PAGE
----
Monday, June 2, 2014

Perpetually Lost

You all know that my own self-image is not nearly as incompetent as the image I paint in this space, right? That I tell you my two-right-shoe stories and my I'm-not-a-very-good-cook stories because  I usually have on a complete pair of matching shoes, and that I rock a chocolate sheetcake? This is true in every area of my life except one:

I am a terrible navigator.

Husband, Boys, friends, can I get an 'amen' here? (Not so loudly, please.)

The best moment of my young motherhood was not when the toilet-training was finished, or even when the vomiters learned to hit the bucket. No, the best moment was the day when Boy#1 took my place in the shotgun seat and opened an atlas on his lap. WOOOOOOOOOO!

No more nervously tracing lines to a destination, and watching for the exit sign--"Turn here! I meant turn back there! Turn around!" Now my sons were taking their rightful spots in the map-loving lineage of their father, and happily plotting courses that got us from Point A to Point B effortlessly and efficiently. It was navigational nirvana.

I must stress here that Husband has been the perfect pilot for a nervous navigator--never once has he said "Really? You really thought a gravel road would take us to the interstate?" or "Really? You really think I can get four lanes over to an exit in less than 100 yards?" No, he's been the swell peach of a guy that I married and his response to my ineptitude, over and over and over again, has been "Well, this isn't the end of the world. Let me get pulled over and I'll take a look."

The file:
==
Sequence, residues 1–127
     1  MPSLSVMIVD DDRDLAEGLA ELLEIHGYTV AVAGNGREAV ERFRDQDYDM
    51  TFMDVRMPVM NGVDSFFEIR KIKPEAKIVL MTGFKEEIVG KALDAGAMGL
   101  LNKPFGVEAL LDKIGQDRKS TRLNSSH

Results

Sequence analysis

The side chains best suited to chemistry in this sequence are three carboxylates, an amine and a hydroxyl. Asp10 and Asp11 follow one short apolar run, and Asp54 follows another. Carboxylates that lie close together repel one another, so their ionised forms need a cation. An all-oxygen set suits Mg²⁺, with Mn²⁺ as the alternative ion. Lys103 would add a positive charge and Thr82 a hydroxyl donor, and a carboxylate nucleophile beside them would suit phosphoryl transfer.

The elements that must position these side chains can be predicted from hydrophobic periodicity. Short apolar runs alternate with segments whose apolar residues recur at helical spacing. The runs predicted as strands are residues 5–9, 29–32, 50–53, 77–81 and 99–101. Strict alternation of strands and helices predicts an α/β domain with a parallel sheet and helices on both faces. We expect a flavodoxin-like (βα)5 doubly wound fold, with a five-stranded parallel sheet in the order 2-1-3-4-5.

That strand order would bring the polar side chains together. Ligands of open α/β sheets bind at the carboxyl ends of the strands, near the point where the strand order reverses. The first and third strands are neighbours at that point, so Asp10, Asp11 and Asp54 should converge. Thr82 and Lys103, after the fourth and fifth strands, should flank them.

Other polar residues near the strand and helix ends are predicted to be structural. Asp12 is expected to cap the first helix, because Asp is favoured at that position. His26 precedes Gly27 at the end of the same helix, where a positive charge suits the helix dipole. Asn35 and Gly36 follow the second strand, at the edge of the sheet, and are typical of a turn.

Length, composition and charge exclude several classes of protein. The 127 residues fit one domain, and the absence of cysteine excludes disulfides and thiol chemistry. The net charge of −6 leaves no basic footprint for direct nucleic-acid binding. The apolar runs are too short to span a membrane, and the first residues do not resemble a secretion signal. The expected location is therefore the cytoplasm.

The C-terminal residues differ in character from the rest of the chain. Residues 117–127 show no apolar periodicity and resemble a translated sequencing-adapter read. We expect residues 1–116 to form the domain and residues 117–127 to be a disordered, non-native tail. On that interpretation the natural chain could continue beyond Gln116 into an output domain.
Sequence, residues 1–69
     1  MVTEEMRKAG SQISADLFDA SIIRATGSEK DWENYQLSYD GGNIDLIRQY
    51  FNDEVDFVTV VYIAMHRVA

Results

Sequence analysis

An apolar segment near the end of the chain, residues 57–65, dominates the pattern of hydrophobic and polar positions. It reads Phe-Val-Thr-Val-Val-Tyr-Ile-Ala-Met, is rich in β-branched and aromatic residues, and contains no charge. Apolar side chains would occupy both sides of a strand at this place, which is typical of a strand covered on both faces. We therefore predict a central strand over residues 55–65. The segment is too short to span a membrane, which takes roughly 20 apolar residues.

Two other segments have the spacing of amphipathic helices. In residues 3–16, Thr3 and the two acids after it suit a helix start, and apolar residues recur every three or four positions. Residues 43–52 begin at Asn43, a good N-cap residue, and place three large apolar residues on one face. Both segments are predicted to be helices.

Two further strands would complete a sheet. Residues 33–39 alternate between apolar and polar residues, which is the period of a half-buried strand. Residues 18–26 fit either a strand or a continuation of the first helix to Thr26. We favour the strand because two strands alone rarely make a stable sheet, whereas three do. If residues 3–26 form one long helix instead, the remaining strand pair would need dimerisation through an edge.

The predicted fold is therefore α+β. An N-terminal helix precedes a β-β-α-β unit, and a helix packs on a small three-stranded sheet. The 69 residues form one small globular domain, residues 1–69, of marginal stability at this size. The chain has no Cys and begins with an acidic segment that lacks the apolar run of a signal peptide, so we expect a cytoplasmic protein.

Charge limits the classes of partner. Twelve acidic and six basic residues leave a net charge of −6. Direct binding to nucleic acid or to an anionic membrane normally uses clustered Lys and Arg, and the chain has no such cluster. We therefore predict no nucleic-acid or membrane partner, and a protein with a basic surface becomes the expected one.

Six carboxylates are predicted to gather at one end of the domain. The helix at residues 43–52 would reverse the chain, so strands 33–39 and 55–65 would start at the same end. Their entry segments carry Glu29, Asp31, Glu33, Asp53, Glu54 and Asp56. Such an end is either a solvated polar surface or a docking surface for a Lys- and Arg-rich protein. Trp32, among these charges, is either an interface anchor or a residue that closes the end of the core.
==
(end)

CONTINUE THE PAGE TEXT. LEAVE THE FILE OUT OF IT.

I know! What did I do to deserve him?

But the Boys grew up and left home, darn it anyway, and while my grocery budget and tolerance for clutter have benefited from this transition, I have lost my navigators. As we were on our way to pick up Boy#1 from an unfamiliar airport a few weeks ago I got us so thoroughly and completely lost that we almost missed his flight. And that was with the help of my phone's GPS system. I may or may not have cried, and said "You don't even know how much I hate navigating."

Yesterday morning the sermon was about the 40 years the Israelis spent wandering around in the wilderness before they reached the Promised Land. Our preacher pointed out that if they had only gone northeast instead of southwest, they'd have gotten to their destination in a matter of weeks.

Husband leaned over and lovingly church-whispered, "Hey! Why didn't you tell me you had been Moses's navigator?"

Sigh. Some reputations are just too well-earned.


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